The PDF/VT Standard

The PDF/VT standard has been published in 2010 as ISO 16612:2010. It is »designed to enable variable document printing (VDP) in a variety of environments«. (Note that the abbreviation VDP is sometimes expanded to »Variable Data Printing« as an alternative to »Variable Document Printing«). PDF/VT documents contain the final content elements and associated metadata, but not any variables or templates. The predecessor standard ISO 16612-1:2005 specified the PPML/VDX formats based on PDF 1.4. However, this older standard was missing several PDF features and relied on constructs external to PDF. The modern PDF/VT standard is based on PDF/X-4 and PDF/X-5 and supports PDF 1.6 features including transparency, layers, and ICC-based color management. In addition to the requirements of PDF/X the PDF/VT standard adds supplementary features to PDF to meet the requirements of high-volume personalized printing. PDF/VT enables high-performance rendering (ripping) of digital print files by adding efficient resource management to PDF.

Since PDF/X includes color management features and support for ICC color profiles, PDF/VT inherits the same features. While color management may present a learning curve for organizations which up to now restricted themselves to black and white printing, it opens up the arena for colorful print products with consistent color reproduction.

The scope of PDF/VT includes the important segments »variable document printing« and »transactional printing« which are defined below.

Variable data printing

Variable data printing (variable document printing, VDP) - also called personalized or one-to-one marketing - generates individualized pages, i.e. some or all printed pages are different. Variable content is taken from a database and used to customize each document. VDP is mainly used for marketing purposes since personalized documents catch the recipient’s attention much faster than unpersonalized mass mailings. Some examples:

  • Business correspondence with variable name and address information.
  • Customized brochures with variable text and graphics elements, where the variable elements are selected based on a set of composition rules. As a result, graphically rich and unique documents are created.
  • Truly personalized offerings where the actual contents vary based on the location, sex, age, purchasing history or other known information about the recipient.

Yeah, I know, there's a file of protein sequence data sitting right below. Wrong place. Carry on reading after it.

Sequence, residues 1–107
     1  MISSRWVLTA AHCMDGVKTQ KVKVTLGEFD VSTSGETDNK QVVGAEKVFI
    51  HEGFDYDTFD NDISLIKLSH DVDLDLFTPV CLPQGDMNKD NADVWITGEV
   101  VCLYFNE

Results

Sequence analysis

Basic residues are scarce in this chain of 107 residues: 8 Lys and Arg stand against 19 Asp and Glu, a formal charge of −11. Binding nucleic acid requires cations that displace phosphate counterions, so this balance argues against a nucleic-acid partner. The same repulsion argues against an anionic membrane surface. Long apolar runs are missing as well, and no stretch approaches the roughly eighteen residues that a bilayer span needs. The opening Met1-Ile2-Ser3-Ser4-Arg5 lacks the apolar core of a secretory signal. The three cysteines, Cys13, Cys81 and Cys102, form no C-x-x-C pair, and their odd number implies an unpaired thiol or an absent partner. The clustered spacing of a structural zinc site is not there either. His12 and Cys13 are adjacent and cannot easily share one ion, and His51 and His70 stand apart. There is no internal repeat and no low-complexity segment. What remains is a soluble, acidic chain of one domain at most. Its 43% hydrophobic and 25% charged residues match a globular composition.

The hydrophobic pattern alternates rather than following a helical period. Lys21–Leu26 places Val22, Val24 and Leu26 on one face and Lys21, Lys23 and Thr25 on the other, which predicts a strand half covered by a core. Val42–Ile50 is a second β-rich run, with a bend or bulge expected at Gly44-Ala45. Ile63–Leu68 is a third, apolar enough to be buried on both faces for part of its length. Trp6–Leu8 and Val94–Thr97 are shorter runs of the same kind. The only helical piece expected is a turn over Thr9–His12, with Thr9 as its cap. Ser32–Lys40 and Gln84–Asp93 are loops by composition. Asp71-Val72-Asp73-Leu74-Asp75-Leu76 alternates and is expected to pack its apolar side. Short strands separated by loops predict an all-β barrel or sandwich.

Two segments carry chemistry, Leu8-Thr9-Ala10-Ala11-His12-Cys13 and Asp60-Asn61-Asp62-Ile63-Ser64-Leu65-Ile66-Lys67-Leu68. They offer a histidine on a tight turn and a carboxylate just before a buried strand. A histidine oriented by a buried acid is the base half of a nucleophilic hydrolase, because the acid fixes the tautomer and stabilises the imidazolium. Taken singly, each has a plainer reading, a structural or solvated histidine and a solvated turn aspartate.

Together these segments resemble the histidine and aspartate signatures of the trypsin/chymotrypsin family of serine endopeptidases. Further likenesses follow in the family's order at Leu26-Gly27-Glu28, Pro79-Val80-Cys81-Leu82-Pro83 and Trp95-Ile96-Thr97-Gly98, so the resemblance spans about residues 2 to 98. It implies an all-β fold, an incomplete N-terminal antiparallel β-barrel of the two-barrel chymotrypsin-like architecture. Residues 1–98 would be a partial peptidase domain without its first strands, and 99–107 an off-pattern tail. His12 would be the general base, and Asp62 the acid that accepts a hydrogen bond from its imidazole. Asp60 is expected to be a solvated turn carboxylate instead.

Transactional printing

Transactional printing produces records of a purchase, account, or other transaction, such as bills, statements and policies. If promotional or marketing messages are included in the transactional document the combination is called transactional-promotional, or transpromo. Common industry-specific examples:

  • Financial services sector: a financial statement includes customized offers tailored to the individual recipient.
  • Utility sector: an electricity or gas bill contains customized service offerings based on the customer's actual consumption.
  • Telecommunications sector: a phone bill includes custom discount offers based on the specific type and number of phone connections the customer had in the previous month.

Conformance levels: PDF/VT-1, PDF/VT-2, and PDF/VT-2s

ISO 16612-2 specifies three PDF/VT conformance levels, all of which are based on PDF 1.6:

  • PDF/VT-1 is designed for single-file exchange and based on PDF/X-4. All resources required for rendering a PDF document are contained in a self-contained PDF/VT-1 file. For this reason PDF/X-4p with external output intents is not allowed.
  • PDF/VT-2 is designed for multi-file exchange and based on one of the standards PDF/X-4p, PDF/X-5g, or PDF/X-5pg. PDF/VT-2 documents can reference external output intents, external page contents, or both. A PDF/VT document and all its referenced PDF files and external output intents are collectively called a PDF/VT-2 file set.
  • PDF/VT-2s is designed for streamed delivery where document generation and rendering can be interleaved. A PDF/VT-2s stream is a MIME package containing one or more PDF/VT-1 files or PDF/VT-2 file sets (or both flavors) plus all referenced files.

Note that PDF/VT-2 and PDF/VT-2s can be considered dead since these standards are not widely implemented